Parents: You're ruining grassroots soccer in the US. You yell at your kids, you yell at your team, you yell at the ref, you yell at the other team, and some of you even go so low as to say "let's get a touchdown!" You encourage fouls, you discourage fun, and you completely have lost the plot.
The problem with US youth soccer is that it's not for the youth. It's for the mid-life crisis coach in a matching track jacket and sweats who's asking me if the goalkeeper can throw the ball outside the 18-yard box. It's for the mom who's at her third game and doesn't know if the goalkeeper can use his hands or not. It's for the dad who's an armchair athlete that wants his son to throw some elbows and play dirty.
Let's return soccer to the kids. I think they deserve that.
© 2017 Hudson Williams
RMF316 on February 19, 2020:
Since we are generalizing, the smart thing for American coaches should do is gain 60 pounds and create a fake English accent, since that seems to be the way to train players and separate rec parents from their money.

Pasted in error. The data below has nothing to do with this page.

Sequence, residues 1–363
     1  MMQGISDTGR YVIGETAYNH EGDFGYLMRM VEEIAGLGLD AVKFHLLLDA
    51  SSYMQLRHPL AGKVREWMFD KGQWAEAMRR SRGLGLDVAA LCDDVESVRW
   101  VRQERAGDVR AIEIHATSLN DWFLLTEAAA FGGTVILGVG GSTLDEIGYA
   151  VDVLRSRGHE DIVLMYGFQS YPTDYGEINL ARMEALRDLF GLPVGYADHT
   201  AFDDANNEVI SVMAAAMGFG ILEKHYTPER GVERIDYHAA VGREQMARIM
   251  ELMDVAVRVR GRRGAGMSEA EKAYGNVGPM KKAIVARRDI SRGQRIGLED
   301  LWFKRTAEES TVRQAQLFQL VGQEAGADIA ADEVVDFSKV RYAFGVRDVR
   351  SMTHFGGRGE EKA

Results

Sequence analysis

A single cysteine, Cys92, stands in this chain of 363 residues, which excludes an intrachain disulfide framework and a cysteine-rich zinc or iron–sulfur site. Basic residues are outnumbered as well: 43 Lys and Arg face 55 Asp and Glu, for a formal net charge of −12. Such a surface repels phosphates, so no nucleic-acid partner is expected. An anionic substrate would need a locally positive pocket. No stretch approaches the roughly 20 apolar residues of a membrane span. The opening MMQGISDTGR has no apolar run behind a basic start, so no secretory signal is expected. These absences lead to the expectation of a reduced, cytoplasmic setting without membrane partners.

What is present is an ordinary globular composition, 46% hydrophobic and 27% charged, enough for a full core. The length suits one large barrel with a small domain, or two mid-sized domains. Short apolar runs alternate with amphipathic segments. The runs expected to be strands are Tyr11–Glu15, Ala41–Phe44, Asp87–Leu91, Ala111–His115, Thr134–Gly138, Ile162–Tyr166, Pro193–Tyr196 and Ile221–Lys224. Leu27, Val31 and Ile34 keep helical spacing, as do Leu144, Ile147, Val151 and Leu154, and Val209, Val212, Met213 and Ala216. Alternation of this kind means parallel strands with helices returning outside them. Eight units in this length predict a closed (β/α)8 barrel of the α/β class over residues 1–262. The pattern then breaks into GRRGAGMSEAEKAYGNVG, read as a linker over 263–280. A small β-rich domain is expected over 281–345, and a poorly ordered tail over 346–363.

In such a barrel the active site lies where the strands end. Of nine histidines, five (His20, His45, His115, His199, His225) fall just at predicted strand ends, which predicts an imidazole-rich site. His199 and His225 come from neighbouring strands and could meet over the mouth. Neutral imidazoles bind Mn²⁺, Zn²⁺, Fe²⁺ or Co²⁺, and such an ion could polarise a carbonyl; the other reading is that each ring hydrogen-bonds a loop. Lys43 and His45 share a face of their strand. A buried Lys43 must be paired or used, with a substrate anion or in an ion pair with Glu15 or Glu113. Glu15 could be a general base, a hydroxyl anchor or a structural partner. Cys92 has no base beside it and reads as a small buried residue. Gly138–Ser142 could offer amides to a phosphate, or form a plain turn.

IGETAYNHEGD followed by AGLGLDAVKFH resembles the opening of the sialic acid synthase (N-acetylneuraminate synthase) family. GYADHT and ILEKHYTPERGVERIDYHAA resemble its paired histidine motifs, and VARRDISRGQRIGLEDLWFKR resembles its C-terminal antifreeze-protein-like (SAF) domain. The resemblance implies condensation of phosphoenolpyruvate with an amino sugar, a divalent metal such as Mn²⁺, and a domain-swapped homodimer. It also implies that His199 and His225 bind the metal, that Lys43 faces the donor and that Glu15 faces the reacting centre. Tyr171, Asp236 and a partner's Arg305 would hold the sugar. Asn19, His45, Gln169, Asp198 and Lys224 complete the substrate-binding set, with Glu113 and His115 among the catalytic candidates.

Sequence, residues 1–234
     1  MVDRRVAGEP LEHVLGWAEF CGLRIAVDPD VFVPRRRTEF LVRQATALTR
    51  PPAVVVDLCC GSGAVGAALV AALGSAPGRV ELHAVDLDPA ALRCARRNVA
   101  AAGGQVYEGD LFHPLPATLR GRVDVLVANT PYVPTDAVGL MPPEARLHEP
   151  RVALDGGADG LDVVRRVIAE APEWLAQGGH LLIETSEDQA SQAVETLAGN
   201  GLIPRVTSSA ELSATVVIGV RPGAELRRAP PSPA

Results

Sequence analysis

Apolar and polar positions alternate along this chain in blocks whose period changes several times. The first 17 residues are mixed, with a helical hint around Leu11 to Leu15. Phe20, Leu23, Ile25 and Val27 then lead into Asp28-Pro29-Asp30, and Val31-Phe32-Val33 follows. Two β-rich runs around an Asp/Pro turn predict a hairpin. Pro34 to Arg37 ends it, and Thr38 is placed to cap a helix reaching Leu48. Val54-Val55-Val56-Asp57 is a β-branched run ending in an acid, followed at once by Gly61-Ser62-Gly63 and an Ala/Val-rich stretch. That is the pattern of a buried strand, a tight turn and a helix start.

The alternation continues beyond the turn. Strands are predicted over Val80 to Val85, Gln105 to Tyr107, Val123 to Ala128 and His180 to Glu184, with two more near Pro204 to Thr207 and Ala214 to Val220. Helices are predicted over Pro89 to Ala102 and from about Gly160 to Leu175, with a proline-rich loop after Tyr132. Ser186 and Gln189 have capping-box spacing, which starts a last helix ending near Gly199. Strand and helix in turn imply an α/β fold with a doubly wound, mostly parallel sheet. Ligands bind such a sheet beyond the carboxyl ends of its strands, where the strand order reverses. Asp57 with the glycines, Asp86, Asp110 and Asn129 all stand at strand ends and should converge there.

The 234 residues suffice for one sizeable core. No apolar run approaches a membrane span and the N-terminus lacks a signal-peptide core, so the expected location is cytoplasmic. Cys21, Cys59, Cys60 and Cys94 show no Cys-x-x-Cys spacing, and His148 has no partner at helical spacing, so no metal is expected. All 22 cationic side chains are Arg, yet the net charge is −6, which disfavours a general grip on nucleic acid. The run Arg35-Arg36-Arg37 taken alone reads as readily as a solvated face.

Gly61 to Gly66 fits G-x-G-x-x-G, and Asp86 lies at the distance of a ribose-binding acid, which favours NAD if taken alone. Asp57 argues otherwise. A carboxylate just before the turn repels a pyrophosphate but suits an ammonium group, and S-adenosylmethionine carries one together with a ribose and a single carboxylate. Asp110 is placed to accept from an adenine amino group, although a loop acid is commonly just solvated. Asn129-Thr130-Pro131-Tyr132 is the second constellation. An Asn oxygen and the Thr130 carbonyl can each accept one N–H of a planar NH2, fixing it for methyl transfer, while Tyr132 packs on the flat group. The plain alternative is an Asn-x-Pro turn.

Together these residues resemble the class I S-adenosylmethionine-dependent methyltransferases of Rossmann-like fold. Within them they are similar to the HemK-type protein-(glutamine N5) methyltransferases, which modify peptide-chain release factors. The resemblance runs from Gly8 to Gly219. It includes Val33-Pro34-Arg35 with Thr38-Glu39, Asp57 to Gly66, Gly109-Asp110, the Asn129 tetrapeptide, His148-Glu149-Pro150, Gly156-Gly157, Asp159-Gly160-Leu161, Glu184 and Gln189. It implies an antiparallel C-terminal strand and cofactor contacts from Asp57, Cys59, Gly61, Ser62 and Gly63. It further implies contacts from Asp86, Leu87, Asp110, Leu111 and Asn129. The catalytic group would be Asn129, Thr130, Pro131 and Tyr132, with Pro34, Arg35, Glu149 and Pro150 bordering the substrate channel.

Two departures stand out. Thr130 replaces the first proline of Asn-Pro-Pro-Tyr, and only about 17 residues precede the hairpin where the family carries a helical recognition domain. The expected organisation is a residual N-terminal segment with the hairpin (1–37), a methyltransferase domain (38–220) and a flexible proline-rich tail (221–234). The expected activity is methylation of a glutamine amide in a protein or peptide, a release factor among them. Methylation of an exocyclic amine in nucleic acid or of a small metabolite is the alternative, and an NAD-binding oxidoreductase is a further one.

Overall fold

John Coviello from New Jersey on November 12, 2019:
I've found it really has to do with the level kids are playing soccer at and perhaps the region within the U.S. In places that have a lot of immigrants who love soccer, the parents are much more versed in soccer rules and etiquette than you describe.
Of course, I've seen a bit of the over-the-top behavior of American adults at youth soccer games, especially as a coach. Like coaches going completely ballistic on players as young as 8 years old (totally inappropriate) and parents that are clueless about the rules (some are more complicated than they seem, such as some of the off-side rule nuances).
Once the current generation of young Americans who are infatuated with soccer are parents themselves, we will see a higher level of soccer in our country.
Tim on April 16, 2018:
So you are in favor of adding more pussification to the mix beyond what their helicopter parents are already doing for them? AYSO needs to cut the crap with making people pay for Spring when soccer is not a Spring sport...its basically forced specialization and its killing our young athletes.
Anonymous on October 13, 2017:
If this was for your Master's thesis, I hope your prof generalizes as much about American coaches as you do!